Dell First-Quarter Profit Dives as PC Sales Slide
Ron Johnson's short tenure as J.C. Penney's (JCP) CEO will go down as one of the biggest flameouts in corporate America. The former Apple executive was hailed as a big thinker when he was hired by the ailing department store chain, but his radical moves ended up alienating shoppers, sent sales plunging, and left the company in even worse shape.
He lasted 17 months.
But Johnson isn't the only executive to be pushed out after failing to live up to big expectations. Here's a look at some of the other major ousters in recent times.
The Internet company Yahoo! (YHOO) hired technology veteran Bartz in 2009, with the goal of bringing in a no-nonsense leader who would develop a clear vision. Bartz shook up Yahoo's management and instituted a cost-cutting program that helped boost the company's earnings. But revenue failed to grow even as the online ad market expanded at a rapid clip.
Bartz, known for her very direct approach and sometimes-colorful language, stressed that a turnaround would take time and pleaded for patience from shareholders, pointing out that it took Steve Jobs years to revive Apple after his return in 1997.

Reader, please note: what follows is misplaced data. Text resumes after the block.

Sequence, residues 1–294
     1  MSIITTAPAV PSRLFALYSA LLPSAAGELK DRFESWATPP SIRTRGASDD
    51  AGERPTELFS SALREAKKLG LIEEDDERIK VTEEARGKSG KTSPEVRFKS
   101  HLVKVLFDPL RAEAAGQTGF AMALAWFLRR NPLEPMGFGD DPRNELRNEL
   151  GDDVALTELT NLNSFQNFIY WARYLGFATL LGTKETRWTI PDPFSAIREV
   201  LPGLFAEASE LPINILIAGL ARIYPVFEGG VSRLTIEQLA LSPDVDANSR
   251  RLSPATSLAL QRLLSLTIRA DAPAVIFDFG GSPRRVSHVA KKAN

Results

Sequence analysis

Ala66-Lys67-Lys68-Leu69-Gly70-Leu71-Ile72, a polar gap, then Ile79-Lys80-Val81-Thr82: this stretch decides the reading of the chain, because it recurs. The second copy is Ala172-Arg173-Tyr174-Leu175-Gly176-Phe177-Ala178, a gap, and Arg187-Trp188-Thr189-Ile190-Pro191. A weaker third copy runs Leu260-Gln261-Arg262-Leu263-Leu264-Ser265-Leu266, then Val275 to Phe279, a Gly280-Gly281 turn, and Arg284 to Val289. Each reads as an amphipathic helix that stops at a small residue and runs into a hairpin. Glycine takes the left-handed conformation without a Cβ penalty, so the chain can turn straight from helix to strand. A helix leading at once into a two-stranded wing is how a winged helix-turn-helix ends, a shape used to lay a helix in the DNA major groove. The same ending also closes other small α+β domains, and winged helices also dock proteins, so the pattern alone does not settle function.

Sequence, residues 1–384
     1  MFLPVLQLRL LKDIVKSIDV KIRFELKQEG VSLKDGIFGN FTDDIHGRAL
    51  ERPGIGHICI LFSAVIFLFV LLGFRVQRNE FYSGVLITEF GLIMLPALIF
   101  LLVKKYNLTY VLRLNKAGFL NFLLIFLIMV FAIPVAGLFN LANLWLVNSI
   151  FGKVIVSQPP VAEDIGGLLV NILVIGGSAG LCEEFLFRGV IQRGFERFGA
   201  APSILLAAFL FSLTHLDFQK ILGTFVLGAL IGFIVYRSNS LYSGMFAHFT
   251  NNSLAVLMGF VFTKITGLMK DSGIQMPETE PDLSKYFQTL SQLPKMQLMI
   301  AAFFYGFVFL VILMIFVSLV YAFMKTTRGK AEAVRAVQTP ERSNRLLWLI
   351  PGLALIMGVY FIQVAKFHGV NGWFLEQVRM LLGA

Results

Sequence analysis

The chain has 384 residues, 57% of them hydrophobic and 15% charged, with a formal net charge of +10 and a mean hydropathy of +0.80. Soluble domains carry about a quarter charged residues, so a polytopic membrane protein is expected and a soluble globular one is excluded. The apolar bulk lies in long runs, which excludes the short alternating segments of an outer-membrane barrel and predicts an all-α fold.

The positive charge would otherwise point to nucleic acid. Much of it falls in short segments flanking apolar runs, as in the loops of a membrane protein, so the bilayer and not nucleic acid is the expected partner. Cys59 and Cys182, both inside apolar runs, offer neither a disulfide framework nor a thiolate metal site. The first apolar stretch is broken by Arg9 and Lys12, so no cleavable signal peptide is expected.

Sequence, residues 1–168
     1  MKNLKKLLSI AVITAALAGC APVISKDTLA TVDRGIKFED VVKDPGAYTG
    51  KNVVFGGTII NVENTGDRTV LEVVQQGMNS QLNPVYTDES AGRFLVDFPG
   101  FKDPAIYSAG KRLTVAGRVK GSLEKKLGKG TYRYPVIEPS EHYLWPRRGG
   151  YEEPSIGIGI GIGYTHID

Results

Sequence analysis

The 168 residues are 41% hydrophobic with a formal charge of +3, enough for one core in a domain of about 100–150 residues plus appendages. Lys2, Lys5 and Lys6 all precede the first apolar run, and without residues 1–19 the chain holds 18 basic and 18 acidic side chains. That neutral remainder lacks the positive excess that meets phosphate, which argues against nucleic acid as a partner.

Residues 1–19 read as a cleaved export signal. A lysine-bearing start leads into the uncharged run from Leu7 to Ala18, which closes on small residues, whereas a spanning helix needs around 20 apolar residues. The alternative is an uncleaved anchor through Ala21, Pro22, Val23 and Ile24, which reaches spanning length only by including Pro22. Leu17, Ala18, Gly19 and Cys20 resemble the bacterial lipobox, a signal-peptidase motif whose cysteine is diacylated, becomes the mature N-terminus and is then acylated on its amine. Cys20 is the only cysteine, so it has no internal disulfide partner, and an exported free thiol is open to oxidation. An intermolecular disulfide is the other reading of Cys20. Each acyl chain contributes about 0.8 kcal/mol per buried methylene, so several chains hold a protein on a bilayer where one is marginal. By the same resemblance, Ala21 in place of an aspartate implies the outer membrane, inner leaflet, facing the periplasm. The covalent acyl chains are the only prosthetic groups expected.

But after more than 2½ years of financial lethargy, Yahoo ousted Bartz in 2011. The company's chairman fired her over the phone, according to an email Bartz sent from her iPad that was obtained by the All Things D technology blog at the time.
When HP (HPQ) hired Apotheker in November 2010, it was seen as an aggressive push by the company into the software business. But many analysts mocked the choice, considering that Apotheker had just been forced out of his previous job as CEO of German business software maker SAP AG following ill-timed price hikes and widespread employee dissatisfaction.
Apotheker was supposed to be a steady hand to steer HP out of a tumultuous time but his strategic decisions were drastic and did little to inspire confidence. He was doomed by disappointing earnings and a fumbled announcement that the company's personal computer division was for sale. Even as he struggled, Apotheker complained that HP suffered from years of under-investment by his predecessor, Mark Hurd.
Apotheker also was one of the chief backers of HP's acquisition of British software company Autonomy Corp. HP paid $10 billion for Autonomy, but later said it was deceived by improper accounting and overpaid.
Conaway had won many fans on Wall Street as the No. 2 executive at CVS (CVS), where he helped build the drugstore chain into an industry powerhouse. When he was hired by Kmart (SHLD) in 2000, Conaway inherited a company with a long list of entrenched problems, including outdated technology and drab stores.
Analysts say Conaway made strategic mistakes, such as trying to compete with Walmart on price and focusing on exceedingly cheap groceries rather than on its exclusive Martha Stewart brand. In early 2002, Kmart filed for Chapter 11 bankruptcy, and Conaway resigned soon after.
Conaway also faced accusations that he misled investors about Kmart's financial problems before the bankruptcy filing.